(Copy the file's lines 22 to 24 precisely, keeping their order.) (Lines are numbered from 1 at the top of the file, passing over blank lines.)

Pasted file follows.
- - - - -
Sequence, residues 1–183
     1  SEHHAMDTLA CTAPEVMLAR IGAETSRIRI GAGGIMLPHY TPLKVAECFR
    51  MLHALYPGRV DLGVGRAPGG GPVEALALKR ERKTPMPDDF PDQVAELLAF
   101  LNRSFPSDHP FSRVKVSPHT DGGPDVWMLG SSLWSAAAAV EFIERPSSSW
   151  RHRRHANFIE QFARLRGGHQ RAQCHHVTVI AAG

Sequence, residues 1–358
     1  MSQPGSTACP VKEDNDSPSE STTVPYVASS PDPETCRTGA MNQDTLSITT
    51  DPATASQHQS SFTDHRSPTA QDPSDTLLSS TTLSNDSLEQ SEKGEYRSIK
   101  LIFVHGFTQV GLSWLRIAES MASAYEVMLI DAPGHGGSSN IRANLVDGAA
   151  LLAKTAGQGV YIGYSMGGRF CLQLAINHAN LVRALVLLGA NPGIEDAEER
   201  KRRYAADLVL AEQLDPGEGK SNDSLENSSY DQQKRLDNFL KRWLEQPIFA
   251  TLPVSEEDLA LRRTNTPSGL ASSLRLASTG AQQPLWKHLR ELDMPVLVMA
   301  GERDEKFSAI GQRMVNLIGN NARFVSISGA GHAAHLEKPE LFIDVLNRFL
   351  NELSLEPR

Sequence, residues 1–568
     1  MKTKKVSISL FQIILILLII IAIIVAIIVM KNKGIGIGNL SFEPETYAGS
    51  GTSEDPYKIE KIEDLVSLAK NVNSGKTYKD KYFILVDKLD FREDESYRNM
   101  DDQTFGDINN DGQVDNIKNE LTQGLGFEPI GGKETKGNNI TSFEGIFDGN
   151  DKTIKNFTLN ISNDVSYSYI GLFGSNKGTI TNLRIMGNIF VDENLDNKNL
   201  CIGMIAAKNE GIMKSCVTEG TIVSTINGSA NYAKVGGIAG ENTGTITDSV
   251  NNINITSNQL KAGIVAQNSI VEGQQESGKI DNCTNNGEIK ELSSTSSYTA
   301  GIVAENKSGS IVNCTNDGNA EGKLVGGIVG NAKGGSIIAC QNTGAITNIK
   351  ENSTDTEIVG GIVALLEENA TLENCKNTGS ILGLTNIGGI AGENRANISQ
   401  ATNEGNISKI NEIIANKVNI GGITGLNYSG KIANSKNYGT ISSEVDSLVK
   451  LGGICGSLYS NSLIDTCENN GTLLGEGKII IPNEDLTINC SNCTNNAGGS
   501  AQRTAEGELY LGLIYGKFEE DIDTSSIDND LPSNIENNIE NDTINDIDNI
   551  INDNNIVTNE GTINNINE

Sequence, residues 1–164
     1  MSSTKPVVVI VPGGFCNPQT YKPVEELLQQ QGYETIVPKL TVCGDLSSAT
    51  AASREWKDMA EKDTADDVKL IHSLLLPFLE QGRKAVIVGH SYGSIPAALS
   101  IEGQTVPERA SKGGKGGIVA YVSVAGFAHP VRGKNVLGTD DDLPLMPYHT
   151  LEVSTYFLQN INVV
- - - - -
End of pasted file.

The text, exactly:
   301  GIVAENKSGS IVNCTNDGNA EGKLVGGIVG NAKGGSIIAC QNTGAITNIK
   351  ENSTDTEIVG GIVALLEENA TLENCKNTGS ILGLTNIGGI AGENRANISQ
   401  ATNEGNISKI NEIIANKVNI GGITGLNYSG KIANSKNYGT ISSEVDSLVK